Pre-heat the oven to 400F and bake the buns for 18-20 mins or until the top is golden brown. Remove from the oven and cool completely. Once cooled, frost them with egg white beaten with powdered sugar & thinned with milk if needed. It should be a thick frosting so that it doesn't drip away from the buns.

Indriappam & Pesaha PaalI.N.R.I / INDRI APPAM
My own recipe
Makes a 6 inch round appam

2 tbsp urad dal
3/4 c grated coconut
1/4 tsp cumin seeds
1 large pearl onion/chummanulli
1/2 a clove of garlic (if big), 1 clove (if small)
1 c fine rice flour ( Idiyappam/Pathiri/Appam flour)
1 1/4 c water

Method: Soak urad dal in 1/2 c water for an hour. Grind it to a smooth paste with a teaspoon or two of water. Grind the coconut, cumin, pearl onion and garlic to a smooth paste using very little water.Bring 1 1/4 c water to a rolling boil and add the rice flour to it. Switch off the heat & stir well to mix. Add the ground coconut & urad dal to it and mix well. The batter should be of an Idli batter consistency. Pour into a greased tin, place a cross with the palm,cover with foil and steam for 25-30 mins on medium high heat.

Hot Cross Buns

There's something so therapeutic about baking breads at home. I think it's the pleasure of seeing the dough rise in bulk while proving and rising again while baking. What do you think? On the contrary, the Indriappam doesn't even rise an inch higher from the batter level :-) Jobin loved the Pesaha paal and Indriappam so did I. How can you not enjoy it when the other person dips the appam into the paal and takes every bite saying 'The paal and appam is delicious!? :-)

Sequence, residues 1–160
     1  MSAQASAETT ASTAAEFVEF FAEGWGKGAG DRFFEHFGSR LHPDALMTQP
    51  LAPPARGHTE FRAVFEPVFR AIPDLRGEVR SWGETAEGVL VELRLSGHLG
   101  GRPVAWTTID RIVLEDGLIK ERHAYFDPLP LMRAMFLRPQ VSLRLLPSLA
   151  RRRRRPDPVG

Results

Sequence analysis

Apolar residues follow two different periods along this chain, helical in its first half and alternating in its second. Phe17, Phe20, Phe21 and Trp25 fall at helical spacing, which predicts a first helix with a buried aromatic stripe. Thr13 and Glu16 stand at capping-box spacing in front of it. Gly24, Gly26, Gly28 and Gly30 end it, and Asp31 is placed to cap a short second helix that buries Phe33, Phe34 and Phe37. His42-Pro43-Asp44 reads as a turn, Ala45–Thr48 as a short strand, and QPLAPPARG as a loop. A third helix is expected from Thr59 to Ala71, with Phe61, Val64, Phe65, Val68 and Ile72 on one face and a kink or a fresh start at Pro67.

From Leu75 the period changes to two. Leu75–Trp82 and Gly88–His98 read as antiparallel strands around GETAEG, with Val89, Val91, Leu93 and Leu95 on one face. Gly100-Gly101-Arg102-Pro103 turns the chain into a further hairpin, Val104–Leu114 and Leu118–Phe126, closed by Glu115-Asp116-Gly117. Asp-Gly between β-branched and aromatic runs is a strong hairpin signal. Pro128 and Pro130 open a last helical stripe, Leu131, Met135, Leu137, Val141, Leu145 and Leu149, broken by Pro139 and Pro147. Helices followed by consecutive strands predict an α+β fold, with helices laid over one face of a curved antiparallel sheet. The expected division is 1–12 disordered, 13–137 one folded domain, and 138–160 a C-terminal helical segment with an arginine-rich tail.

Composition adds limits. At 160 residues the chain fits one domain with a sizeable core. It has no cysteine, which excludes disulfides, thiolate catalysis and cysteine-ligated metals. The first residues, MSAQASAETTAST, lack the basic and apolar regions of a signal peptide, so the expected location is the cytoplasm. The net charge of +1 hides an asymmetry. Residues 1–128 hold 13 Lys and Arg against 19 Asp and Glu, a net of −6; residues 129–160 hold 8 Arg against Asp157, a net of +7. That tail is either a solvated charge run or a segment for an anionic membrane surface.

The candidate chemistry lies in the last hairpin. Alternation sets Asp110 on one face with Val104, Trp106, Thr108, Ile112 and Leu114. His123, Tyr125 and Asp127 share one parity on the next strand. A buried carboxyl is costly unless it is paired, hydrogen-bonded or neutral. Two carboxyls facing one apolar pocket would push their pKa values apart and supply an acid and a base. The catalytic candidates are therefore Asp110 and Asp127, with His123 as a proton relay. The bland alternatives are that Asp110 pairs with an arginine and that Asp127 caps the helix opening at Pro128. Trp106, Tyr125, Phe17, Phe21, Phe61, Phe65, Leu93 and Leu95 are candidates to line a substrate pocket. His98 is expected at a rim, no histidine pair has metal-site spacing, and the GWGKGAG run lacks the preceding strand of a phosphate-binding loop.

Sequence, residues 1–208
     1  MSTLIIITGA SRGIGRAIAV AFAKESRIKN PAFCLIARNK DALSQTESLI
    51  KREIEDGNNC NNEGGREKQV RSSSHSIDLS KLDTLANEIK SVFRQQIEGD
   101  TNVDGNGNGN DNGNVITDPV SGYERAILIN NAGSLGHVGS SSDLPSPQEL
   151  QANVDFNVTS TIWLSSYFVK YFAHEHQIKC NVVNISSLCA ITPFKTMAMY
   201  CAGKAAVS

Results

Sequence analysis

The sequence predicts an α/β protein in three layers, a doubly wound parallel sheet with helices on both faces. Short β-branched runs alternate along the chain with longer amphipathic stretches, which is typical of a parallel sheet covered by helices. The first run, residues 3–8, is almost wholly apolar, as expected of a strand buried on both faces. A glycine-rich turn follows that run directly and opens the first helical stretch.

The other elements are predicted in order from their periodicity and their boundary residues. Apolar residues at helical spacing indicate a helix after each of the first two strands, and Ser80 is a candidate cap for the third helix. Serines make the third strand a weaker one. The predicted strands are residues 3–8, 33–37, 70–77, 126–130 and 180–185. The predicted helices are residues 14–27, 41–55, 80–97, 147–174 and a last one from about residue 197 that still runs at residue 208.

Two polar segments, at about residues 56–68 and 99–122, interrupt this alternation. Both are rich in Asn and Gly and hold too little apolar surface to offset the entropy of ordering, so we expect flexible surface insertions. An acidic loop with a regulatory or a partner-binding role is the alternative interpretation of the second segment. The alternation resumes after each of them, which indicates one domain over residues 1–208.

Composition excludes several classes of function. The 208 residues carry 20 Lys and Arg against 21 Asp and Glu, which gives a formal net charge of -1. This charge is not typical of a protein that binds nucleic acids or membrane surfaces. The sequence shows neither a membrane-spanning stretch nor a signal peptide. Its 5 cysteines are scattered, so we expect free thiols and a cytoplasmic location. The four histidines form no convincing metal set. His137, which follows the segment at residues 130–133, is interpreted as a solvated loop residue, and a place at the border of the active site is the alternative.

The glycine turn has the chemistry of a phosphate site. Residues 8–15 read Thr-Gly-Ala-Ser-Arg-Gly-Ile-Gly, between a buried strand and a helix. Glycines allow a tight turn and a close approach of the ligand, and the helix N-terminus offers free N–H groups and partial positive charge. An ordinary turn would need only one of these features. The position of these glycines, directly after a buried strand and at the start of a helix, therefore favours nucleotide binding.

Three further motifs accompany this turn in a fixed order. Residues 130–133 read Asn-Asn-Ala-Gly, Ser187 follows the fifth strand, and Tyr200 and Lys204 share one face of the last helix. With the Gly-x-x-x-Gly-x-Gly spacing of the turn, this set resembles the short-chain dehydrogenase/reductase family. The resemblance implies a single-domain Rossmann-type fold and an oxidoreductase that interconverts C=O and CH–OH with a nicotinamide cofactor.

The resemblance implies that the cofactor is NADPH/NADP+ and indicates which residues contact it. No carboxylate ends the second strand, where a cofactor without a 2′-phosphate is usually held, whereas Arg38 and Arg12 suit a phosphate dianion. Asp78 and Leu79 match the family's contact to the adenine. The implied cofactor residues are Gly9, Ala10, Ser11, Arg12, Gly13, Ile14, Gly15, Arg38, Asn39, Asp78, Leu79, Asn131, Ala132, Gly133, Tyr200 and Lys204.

We will be celebrating Easter in Chicago this year, with family. I am super excited about the trip and meeting all of them. My oven has been busy baking a lot this week, most of which is for the family in Chicago and some for the road as we are driving down. It's been a while since we did a road trip and I'm always hungry once the tires start to roll :-)
Tell me, how are you all celebrating this weekend? Any plans?

These Hot Cross Buns are Yeastspotted!


Kavi said...

classic recipe!!!! :) Love the pictures! They make me hum the Hot Cross Buns rhyme. :)

Unknown said...

In each home appam recipe is different .......in my home we don't mix Rice flour in hot water .........also we used to grind Coconut to a course paste .............. also allow the batter to rise a little , for atleast 3hrs .........this will make the appam very soft ............usally people feels its a very hard bread , but with small tricks we can make it good ............

Ria Mathew said...

Suby,This is the first time I'm hearing about letting thebatter for Indriappam to ferment :-)

We call it 'pulikkatha appam' which means, we don't let it ferment even for a few mins. It is not hard if made correctly yet not soft like vattayappam. This is the way it's meant to be (for us),infact the directions are 'steam the batter as soon as it is made'.

Rahin said...

This looks perfect Ria, must taste fab

Rahin said...

This looks perfect Ria, must taste fab

Annie Theogaraj said...

Hi Ria,

I did a trial run of the Hot cross buns today for the first time in my life. WOW. It was so yum!!! Thanks for the recipe

Happy Easter!!!